Everyone has bad days, but they can be worse for people with mental health needs.
Keep resources handy, including phone numbers for trusted confidants.
Learn techniques that will encourage a positive mindset.
Bad days happen to all of us, but for those of us who struggle with a mental health issue, a temporary funk can quickly deteriorate into a serious bout of anxiety or depression. The most valuable thing to remember is that you are not alone — one in four people will encounter a mental health problem during their lifetime, according to Well Being Trust.
The other crucial thing to remember is that there are plenty of resources and methods available to help you stop that downward spiral and prevent a bad day from becoming a bad week or a bad month. Be prepared by putting together a bad-day toolkit, so you have the tools ready to get you through the rough patch. Here's what you should have on hand:
Inspirational mantras. It can be easy to convince yourself you are a failure if you make a simple mistake. Positive self talk can change those negative thought patterns that can be so destructive to mental health and well being. Write down some encouraging words that highlight your best qualities ("I am a good and kind friend," "I am creative") or remind you that the situation is only temporary ("I can grow from this mistake," "This situation doesn't define who I am"). Keep them handy so you can read them when needed; it may also help to speak the mantra aloud in front of a mirror if you need extra affirmation.
Lavender oil or mist. This calming essential oil is great for a relaxing bath that can release tension. It's also good to put a little bit on your pillow to promote a good night's rest, which can help improve mood as well as your overall physical health.
Workout clothes. If you're feeling down, sweat it out. Running, biking, dancing and other types of moderately intense physical activity produce an endorphin rush that is a proven mood booster. Exercise also gives you the perfect chance to practice mindfulness techniques, such as clearing the mind, positive visualization or repeating your mantras to yourself.
A joy list. If something goes wrong in your life, does it tend to color everything else with that same darkness? If so, write down a list of the activities, people and things that bring you joy. Pull the list out to remind you of the many good things in your life--and then go out and get some joy, whether that's a coffee date with a cherished friend or painting a landscape on the weekend.
Chamomile tea. A cup of tea is a nice way to take a few minutes out of your day to stop and unwind, and chamomile in particular has compounds that can elevate your emotional state.
Healthy snacks. If you're feeling depressed, you may lack the desire to eat, or the thought of making a meal sounds exhausting. Starving yourself won't help matters, so keep some healthy food on hand that will give you some sustenance and won't require cooking and prepping. Whenever possible, stay away from processed foods such as nutrition bars or energy drinks and go for whole foods instead, such as nuts, fruits and lean protein.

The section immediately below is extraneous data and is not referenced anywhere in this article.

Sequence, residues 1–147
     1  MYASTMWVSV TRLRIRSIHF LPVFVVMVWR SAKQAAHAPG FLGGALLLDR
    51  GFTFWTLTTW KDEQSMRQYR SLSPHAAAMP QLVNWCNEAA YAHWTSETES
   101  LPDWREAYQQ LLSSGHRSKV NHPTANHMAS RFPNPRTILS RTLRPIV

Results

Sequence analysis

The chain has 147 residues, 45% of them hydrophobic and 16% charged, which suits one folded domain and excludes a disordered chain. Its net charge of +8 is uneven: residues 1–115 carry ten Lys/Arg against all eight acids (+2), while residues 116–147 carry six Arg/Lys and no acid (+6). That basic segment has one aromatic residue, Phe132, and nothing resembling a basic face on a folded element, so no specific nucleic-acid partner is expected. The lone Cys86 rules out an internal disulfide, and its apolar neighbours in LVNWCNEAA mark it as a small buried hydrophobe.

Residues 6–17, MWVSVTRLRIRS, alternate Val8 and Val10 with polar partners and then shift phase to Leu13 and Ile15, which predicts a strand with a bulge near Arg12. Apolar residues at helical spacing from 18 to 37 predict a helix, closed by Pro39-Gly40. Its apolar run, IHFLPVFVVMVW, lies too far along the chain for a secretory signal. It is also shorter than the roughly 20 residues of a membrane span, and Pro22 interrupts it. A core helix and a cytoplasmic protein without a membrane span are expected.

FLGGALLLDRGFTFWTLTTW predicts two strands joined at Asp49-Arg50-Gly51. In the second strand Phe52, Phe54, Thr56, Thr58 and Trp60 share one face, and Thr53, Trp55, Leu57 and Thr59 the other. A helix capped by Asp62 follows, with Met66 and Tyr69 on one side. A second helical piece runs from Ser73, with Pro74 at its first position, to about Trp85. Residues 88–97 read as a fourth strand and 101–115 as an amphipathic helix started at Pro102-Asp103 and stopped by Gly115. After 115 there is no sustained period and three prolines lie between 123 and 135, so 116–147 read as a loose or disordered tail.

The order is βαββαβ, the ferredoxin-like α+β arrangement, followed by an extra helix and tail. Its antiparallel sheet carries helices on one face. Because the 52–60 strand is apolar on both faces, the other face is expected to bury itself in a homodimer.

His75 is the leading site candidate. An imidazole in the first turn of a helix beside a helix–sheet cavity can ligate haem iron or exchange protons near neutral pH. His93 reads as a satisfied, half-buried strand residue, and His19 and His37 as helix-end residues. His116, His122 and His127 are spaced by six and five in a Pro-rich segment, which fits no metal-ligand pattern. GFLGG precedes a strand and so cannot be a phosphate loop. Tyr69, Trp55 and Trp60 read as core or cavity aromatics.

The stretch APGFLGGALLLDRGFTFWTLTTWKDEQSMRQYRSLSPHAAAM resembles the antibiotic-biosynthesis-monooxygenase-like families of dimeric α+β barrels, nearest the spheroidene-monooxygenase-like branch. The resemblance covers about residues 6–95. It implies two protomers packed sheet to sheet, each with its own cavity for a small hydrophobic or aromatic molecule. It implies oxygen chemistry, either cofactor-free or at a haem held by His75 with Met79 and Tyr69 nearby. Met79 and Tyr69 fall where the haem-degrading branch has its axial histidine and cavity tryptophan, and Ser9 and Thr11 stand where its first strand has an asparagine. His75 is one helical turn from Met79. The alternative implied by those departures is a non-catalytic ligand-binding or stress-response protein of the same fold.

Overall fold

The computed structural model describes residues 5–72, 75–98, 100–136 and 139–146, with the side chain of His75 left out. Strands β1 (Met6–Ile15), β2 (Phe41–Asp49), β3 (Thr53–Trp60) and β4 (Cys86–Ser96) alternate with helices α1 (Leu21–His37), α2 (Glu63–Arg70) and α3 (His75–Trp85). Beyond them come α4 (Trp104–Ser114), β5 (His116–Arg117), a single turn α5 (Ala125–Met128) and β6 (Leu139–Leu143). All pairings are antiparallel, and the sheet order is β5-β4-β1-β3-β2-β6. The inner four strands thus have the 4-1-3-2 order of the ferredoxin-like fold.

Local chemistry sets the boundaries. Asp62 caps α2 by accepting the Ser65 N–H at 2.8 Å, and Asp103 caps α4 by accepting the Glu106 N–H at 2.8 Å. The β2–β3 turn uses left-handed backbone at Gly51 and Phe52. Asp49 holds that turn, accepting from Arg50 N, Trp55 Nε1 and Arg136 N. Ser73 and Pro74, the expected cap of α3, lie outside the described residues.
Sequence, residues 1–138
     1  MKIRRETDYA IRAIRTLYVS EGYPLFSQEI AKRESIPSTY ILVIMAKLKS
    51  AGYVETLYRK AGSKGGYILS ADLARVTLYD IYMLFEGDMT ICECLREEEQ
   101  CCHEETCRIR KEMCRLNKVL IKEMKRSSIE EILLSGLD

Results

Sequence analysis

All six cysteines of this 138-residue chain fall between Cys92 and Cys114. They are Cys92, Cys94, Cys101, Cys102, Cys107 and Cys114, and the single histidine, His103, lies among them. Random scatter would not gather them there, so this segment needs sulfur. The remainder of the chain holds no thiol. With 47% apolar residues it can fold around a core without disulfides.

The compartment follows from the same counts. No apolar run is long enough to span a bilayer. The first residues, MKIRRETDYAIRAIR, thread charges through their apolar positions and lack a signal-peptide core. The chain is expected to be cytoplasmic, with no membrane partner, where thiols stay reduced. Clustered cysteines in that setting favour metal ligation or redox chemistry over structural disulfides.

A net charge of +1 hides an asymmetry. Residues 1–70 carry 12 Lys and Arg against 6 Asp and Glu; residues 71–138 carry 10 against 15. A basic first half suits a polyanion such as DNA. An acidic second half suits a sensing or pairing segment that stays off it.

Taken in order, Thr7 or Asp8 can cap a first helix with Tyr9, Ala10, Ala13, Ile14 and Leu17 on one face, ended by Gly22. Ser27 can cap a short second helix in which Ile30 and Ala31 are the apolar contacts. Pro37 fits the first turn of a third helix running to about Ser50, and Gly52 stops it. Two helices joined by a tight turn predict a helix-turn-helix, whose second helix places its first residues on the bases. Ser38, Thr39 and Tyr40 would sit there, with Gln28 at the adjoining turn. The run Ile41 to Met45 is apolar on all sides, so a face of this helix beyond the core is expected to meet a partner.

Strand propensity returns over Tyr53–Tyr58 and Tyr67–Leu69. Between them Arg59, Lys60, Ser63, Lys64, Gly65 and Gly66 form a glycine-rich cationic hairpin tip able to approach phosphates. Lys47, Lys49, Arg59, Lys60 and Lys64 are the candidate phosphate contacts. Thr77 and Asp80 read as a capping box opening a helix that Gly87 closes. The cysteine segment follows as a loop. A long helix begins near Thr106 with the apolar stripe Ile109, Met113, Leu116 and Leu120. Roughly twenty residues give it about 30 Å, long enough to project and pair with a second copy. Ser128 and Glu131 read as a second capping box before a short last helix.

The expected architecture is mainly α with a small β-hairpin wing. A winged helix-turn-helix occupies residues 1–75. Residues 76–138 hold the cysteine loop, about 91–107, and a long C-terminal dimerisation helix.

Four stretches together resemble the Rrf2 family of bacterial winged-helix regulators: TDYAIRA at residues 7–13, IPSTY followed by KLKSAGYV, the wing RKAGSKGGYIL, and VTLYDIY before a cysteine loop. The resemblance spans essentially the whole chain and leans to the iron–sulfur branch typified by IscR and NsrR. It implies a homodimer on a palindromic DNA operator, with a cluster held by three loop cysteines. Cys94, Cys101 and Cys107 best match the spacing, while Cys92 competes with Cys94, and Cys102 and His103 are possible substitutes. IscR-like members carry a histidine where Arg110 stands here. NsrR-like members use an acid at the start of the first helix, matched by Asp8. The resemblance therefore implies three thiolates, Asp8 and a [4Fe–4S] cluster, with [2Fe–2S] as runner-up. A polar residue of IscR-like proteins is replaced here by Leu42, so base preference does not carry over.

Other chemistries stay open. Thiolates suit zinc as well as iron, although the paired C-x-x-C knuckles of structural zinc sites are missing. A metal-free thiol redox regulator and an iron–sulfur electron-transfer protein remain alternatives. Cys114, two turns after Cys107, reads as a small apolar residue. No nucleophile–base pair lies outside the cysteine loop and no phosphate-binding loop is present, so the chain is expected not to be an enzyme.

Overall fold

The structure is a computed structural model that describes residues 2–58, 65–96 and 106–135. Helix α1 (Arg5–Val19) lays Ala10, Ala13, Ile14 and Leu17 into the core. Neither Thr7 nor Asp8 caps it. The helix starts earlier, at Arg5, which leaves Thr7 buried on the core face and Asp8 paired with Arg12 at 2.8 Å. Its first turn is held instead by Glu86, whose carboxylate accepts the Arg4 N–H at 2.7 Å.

Mental health apps. There are so many mental health resources right at your fingertips thanks to smartphones. There are apps that offer everything from meditation to relaxation techniques to anxiety management tools.
Mood music. Is there a song that lifts you up or makes you want to get down and boogie? In either case, music can help you strike a more positive note. Create a playlist of all your favorite songs, so when you hit that bad day you can press play to lighten things up.
A good comedy. For a good laugh, keep a couple of your favorite shows cued up on the DVR or on your streaming service, or just find an old "Seinfeld" rerun. Laughter can reduce stress and make everything seem not as bad as you thought.
A phone number. Whatever you are struggling with, you don't have to do it on your own. Keep a trusted friend's number on speed dial if you need a quick text or chat session. Perhaps it's the number for your therapist, or a spiritual counselor. If you are prone to severe depression, you may also want to have the number for the National Suicide Prevention Lifeline: 800-273-TALK (8255).
Read more of our insights on mental health and wellbeing. If you want to find a health care provider near you to talk with about a mental or emotional health issue, visit:
Well Being Trust, a national foundation dedicated to advancing the nation’s mental, social and spiritual health, was launched by Providence St. Joseph Health in 2016. For more information, visit the non-profit’s website.
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Dr. Carrie Milligan from Providence Behavioral Health in Portland, Oregon, talks about anxiety and depression in women:
This information is not intended as a substitute for professional medical care. Always follow your health care professional's instructions.